Dara Singh, convicted for burning alive Australian missionary Graham Staines and his two minor sons in January 1999, has approached the Supreme Court seeking review of its judgement upholding life imprisonment to him.
The petition, filed through his lawyer Shibu Shankar Mishra, sought review of January 21 verdict in which the apex court upheld the Orissa High Court verdict which had commuted his death sentence to life imprisonment.
Dismissing CBI's plea for death penalty to Singh, a bench of justices P Sathasivam and B S Chauhan endorsed the Orissa High Court's finding that his crime did not fall under the rarest of rare category.
On May 19, 2005, the Orissa High Court had commuted to life imprisonment the death penalty imposed by the sessions court on Singh for the murder of Staines and his sons --Philip, 10, and Timothy, 6.
The Staines family was burnt alive in Keonjhar district in Orissa. Staines had worked with leprosy patients in Orissa for 30 years. He was sleeping with his sons on a cold January night when a mob in Manoharpur village poured petrol over his car parked in front of the village church and torched it.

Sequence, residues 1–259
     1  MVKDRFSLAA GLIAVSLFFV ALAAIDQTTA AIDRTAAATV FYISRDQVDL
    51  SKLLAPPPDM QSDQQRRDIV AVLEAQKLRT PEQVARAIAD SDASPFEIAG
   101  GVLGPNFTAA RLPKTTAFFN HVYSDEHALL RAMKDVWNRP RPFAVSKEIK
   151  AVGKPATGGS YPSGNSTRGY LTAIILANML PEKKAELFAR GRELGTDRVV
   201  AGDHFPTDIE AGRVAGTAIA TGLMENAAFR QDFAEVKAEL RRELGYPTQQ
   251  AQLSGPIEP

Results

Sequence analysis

They tried to escape but the mob of about 50 people allegedly prevented them.
Singh had filed an appeal challenging his conviction and the life sentence awarded to him. The appeals were admitted by the apex court in October 2005.
The CBI had sent up for trial a total of 14 accused, including a minor, who was tried separately by a juvenile court for the gruesome killings on January 22-23, 1999.
The rest 13 were tried by an additional session judge at Khurda in Keonjhar district of Orissa, which had awarded death penalty to Singh and life term to others in September 2003. Singh had links with Hindu right-wing outfit Bajrang Dal.
The Orissa High Court, however, on May 19, 2005, had commuted the death penalty awarded to Singh to life imprisonment, while upholding life term for Hembram.
The high court had also acquitted 11 others who had been awarded life terms by the trial court in the case.
CBI approached the apex court also challenging acquittal of others.